- JoVE DOUBLES SCIENCE EDUCATION VIDEO CONTENT IN 2017
June 15, 2017
- WAYNE STATE UNIVERSITY TEAM PUBLISHES METHOD IN JOVE VIDEO JOURNAL TO CREATE CUSTOMIZABLE BLOOD VESSELS USING 3D PRINTING
March 27, 2017
- JoVE Builds on Ten Years of Making Science Clearer, More Reproducible
January 30, 2017
- JoVE Expands Journal to Include Genetics, Biochemistry, and Cancer Research Videos
September 20, 2016
- JoVE is Expanding Science Education Collections to include Clinical Skills
June 15, 2016
- JoVE Named SIIA Content CODiE Award Finalist for Best Scholarly Publishing Information Solution
April 29, 2015
- Leading scientific video publisher introduces tool for systematic analysis of research output of individual scientists
March 16, 2015
- JoVE Quiz Extends Educational Value of Innovative Science Education (SE) video database
February 28, 2015
- JoVE Introduces Powerful Tool Linking Scientific Videos to 4.5 Million Research Articles
February 17, 2015
- New Mobile Offerings Extend Value of Leading Scientific Video Publication
February 2, 2015
Novel Technique Demonstrates Interactions Between Malaria Parasite and HIV
August 15, 2012
The World Health Organization estimates that in 2011 there were 216 million cases of malaria and 34.2 million people living with HIV. These diseases particularly afflict sub-Saharan Africa, where large incidence of co-infection result in high mortality rates. Yet, in spite of this global pandemic, interactions between the parasite that causes malaria, Plasmodium falciparum, and HIV-1 are poorly understood. However, a new video article in JoVE, the Journal of Visualized Experiments, that describes a novel technique to study the interactions between HIV-1 and P. falciparum in cultured human cells, will allow scientists to explore different parameters of co-infection by the two microbes.
The study is led by Dr. David Richard of the Centre Hospitalier Universitaire de Quebec (CHUQ). Dr. Richard explains, "We don't know much about what is happening at the cellular level when HIV-1-infected immune cells encounter the malaria parasite. Results obtained from the few studies exploring the interaction of these two diseases are sometimes conflicting. We hope that our model will allow us to thoroughly dissect these interactions in a simplified system."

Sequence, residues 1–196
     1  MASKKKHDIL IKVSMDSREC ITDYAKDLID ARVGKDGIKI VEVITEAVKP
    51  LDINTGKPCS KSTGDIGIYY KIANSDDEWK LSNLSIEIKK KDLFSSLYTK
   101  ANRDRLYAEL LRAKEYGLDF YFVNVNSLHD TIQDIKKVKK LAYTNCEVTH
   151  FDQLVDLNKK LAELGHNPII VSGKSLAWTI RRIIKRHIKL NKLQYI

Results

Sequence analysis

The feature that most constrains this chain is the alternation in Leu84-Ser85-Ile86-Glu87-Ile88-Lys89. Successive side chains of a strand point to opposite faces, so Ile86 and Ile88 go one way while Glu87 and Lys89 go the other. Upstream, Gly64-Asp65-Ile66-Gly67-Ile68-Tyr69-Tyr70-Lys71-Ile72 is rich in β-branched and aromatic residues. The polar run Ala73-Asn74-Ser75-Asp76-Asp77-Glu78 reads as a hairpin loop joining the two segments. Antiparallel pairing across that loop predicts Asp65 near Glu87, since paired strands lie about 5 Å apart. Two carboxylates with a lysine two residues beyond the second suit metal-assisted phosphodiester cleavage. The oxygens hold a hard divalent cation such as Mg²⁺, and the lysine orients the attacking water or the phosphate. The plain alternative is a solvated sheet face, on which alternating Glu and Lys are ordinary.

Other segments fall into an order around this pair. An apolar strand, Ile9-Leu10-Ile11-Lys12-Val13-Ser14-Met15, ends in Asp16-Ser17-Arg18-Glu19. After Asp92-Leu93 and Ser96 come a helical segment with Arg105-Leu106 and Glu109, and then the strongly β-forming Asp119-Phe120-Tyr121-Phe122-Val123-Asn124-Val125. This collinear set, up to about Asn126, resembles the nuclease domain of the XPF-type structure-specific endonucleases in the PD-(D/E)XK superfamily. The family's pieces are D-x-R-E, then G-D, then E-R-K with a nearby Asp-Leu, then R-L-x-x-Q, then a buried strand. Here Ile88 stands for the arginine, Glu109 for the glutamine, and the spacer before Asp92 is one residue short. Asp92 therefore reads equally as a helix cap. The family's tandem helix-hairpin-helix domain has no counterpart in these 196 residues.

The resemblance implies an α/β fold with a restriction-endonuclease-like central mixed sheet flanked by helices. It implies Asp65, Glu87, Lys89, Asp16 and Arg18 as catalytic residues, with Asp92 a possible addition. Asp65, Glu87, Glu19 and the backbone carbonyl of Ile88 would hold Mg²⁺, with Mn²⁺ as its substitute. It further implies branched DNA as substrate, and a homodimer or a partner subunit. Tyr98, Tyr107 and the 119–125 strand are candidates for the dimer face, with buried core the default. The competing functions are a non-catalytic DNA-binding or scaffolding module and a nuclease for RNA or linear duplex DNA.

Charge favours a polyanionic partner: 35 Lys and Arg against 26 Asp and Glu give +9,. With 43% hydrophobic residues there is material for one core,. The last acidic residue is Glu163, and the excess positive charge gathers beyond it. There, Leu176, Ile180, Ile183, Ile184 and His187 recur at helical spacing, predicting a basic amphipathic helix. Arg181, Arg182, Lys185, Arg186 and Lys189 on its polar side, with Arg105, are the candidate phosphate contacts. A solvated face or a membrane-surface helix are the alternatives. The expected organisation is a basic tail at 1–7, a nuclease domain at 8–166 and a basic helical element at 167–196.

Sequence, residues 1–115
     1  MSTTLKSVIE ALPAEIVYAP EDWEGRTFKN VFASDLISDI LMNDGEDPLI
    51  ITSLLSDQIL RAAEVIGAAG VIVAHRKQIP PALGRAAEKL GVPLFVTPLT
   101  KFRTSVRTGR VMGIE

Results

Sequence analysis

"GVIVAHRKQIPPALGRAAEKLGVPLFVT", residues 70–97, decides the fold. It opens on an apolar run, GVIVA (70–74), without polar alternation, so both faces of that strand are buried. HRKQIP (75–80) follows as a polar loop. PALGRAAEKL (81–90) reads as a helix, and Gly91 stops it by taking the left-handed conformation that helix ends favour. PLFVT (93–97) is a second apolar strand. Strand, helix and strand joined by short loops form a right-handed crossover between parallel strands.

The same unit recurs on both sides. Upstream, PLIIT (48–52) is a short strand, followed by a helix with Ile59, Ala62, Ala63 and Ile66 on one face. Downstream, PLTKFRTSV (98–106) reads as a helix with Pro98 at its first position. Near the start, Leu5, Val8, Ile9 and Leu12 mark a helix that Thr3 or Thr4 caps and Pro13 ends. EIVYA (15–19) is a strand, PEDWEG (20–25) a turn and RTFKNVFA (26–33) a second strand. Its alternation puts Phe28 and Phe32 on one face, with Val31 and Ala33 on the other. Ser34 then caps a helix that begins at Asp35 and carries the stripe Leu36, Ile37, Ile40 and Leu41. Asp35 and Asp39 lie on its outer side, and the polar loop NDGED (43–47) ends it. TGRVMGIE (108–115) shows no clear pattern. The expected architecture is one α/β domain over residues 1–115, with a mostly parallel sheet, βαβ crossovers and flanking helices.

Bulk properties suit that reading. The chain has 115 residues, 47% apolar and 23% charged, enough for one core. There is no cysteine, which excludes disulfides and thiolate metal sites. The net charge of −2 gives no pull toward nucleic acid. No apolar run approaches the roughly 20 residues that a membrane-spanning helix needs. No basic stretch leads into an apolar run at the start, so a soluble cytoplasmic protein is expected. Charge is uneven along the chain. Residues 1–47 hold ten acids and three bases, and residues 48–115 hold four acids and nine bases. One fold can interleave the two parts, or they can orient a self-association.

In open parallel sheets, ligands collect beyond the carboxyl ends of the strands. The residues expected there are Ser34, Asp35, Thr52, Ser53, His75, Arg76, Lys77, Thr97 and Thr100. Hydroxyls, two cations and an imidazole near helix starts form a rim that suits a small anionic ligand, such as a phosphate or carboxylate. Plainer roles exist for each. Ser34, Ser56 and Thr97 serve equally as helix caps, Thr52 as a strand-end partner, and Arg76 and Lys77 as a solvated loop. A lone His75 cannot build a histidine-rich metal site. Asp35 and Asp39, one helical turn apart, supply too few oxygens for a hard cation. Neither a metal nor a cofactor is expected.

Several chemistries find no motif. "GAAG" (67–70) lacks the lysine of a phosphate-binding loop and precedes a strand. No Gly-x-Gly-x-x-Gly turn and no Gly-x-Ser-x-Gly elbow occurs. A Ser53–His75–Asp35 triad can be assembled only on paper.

Each disease attacks a different component of human blood, thus disturbing normal immune function. P. falciparum infect red blood cells and cause fever, shivering, vomiting, or convulsions in patients. HIV-1 causes acquired immune deficiency syndrome (AIDS) by infecting components of the immune system, including macrophages and helper T cells, and then replicates and destroys the host cells. By studying co-infection at different phases of each disease in vitro, scientists can better understand how different stages of malaria infection and HIV reproduction affect the onset and severity of the other disease. As such, Dr. Richard and his laboratory present a technique that investigates how P. falciparum-infected red blood cells affect the replication of HIV-1 in monocyte-derived macrophages.
Dr. Richard points out that, "by publishing in JoVE, you really see what is happening in the experiment. The visual representation helps succinctly explain a long procedure, and gives you a fuller picture of the schematic complexity." He hopes that this publication will give the scientific community the tools to look at the interactions on a cellular level, which would be an initial step in improving the quality of life for individuals infected by these deadly diseases. "This protocol provides a tool to examine the interactions between P. falciparium and HIV," states JoVE editor Dr. Charlotte Frank Sage, "Publication of the protocol in JoVE will allow researchers around the world to see a detailed demonstration of this system which will help in bring the technology to their laboratories."
Richard et. al.: http://www.jove.com/video/4166/an-vitro-co-infection-model-to-study-plasmodium-falciparum-hiv-1